Flora Yin-Wong

Hear the London-based producer layer metallic textures and sampled plucks over an insistent BATTERY-powered rhythm.

The shape-shifting productions of Chinese-Malaysian artist Flora Yin-Wong can be traced back to an eclectic range of sources – from lo-fi field recordings and UK dance culture to Daoist ideas and traditional Chinese instruments. Growing up in London, she started out as a guitarist in art-rock bands before finding her footing in the club scene, playing house and techno at her own parties.

A longtime associate of Berlin experimental label PAN, Flora Yin-Wong contributed ghostly melodies to the acclaimed ambient compilation mono no aware and has recently released her debut album Holy Palm on Modern Love – an exploration of metaphysics, memory and superstition that weaves a vivid sonic tapestry through field recordings and abstract textures.

Her sketch moves under the shadow of a dembow rhythm, marking out the beat in heavily syncopated ticks and cracks. Chimes and bells ring out like haunted clocks and plucked balalaika strings seem to echo the passing of time, but these eerily ancient sounds soon collide with computer futurism thanks to Flora’s off-kilter arrangement and piercing dramatic percussion.

Listen to the sketch below and read on to learn how it was made. You can also grab all of the stems from Flora’s sketch here – then remix, reuse, and repurpose them however you like.



Let’s start with how the sketch came together – can you walk us through your process?

I started off forming the drum lines in Battery using the Cavern Floor and Black Mantle kits. There were some really great samples there and it was easy to edit the parameters. I tend to make drums in a very roundabout way, but I find it easier to manually break up the patterns to sound more off-kilter. I then transposed a couple of samples, including a basic glass recording I tend to use and a single note from a Russian balalaika performer playing “Sharmanka”.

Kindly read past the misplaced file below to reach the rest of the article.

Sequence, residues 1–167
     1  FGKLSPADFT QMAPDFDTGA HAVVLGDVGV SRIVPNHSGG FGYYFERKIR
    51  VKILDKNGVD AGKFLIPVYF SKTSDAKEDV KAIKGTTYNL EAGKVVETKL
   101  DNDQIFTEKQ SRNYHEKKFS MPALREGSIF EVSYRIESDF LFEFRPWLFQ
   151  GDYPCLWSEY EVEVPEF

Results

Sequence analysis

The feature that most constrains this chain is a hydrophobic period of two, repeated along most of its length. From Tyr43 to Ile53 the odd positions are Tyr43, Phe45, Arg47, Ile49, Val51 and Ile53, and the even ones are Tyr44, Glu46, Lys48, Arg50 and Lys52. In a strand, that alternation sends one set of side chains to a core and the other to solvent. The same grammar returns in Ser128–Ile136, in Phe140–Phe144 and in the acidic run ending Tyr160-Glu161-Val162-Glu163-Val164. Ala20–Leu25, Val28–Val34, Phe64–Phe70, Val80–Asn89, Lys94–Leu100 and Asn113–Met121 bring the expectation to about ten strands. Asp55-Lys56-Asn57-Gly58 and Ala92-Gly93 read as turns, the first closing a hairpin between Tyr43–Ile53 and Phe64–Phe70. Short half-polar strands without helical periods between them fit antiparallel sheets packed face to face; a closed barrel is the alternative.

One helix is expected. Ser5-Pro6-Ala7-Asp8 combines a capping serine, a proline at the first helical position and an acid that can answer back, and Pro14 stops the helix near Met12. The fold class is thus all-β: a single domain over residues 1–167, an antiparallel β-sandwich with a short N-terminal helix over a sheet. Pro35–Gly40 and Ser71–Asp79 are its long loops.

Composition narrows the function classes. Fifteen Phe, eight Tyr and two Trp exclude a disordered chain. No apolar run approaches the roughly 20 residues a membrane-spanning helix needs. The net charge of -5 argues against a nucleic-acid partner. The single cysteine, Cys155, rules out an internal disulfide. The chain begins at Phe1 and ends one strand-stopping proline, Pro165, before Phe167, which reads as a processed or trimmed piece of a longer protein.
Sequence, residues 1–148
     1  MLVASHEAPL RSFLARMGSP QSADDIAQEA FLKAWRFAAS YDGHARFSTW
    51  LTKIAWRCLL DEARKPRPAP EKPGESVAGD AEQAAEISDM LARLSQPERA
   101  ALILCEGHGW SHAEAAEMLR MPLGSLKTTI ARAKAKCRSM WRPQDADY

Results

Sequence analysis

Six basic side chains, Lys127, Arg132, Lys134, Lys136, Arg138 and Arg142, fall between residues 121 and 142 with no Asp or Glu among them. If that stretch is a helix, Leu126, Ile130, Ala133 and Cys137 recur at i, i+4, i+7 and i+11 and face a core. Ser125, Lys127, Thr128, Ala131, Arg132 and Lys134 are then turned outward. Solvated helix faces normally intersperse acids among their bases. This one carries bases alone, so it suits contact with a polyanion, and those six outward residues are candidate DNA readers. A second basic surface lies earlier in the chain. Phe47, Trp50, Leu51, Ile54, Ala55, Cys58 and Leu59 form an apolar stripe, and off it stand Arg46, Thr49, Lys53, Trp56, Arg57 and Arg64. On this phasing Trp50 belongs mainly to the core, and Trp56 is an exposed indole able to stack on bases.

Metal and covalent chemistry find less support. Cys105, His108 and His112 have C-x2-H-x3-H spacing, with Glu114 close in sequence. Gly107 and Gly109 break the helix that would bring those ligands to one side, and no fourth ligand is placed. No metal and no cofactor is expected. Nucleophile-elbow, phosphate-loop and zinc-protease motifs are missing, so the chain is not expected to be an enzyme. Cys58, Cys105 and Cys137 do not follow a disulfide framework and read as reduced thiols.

I lined up the Kontakt instrument Ethereal Earth in three separate tracks to make use of its differing sounds and textures, with one routed through Replika XT on a Byzantine [double harmonic major] scale, as well as the MD Metal synth in Reaktor with a descending chords arpeggiator applied.


What does the word sketching mean to you?

The rough formation and construction of a musical or creative idea.


Is that what you set out to achieve with this particular sketch?

I wanted to be able to incorporate a few of the plug-ins which I haven’t used before, so it really fell into place with the tools as the starting point.


Cool. Can you name a favorite element of the sketch?

I think the percussive element was my favorite part to work on. I love layering and pitching disparate sounds and trying to make them cohesive.


Is there a typical route from sketch to finished track for you, or is it always different?

It’s nearly always accidental. It can be a case of minutes or weeks of work and then something just clicks into place.


Can you share the best production advice you’ve ever been given?

Don’t try to focus on or learn what you’re ‘supposed’ to do, just do what feels right to you.


And finally – can you name any online learning resources you’d recommend?

There are no particular channels, but I usually search for something on YouTube that I am specifically trying to do.


Words: Chal Ravens

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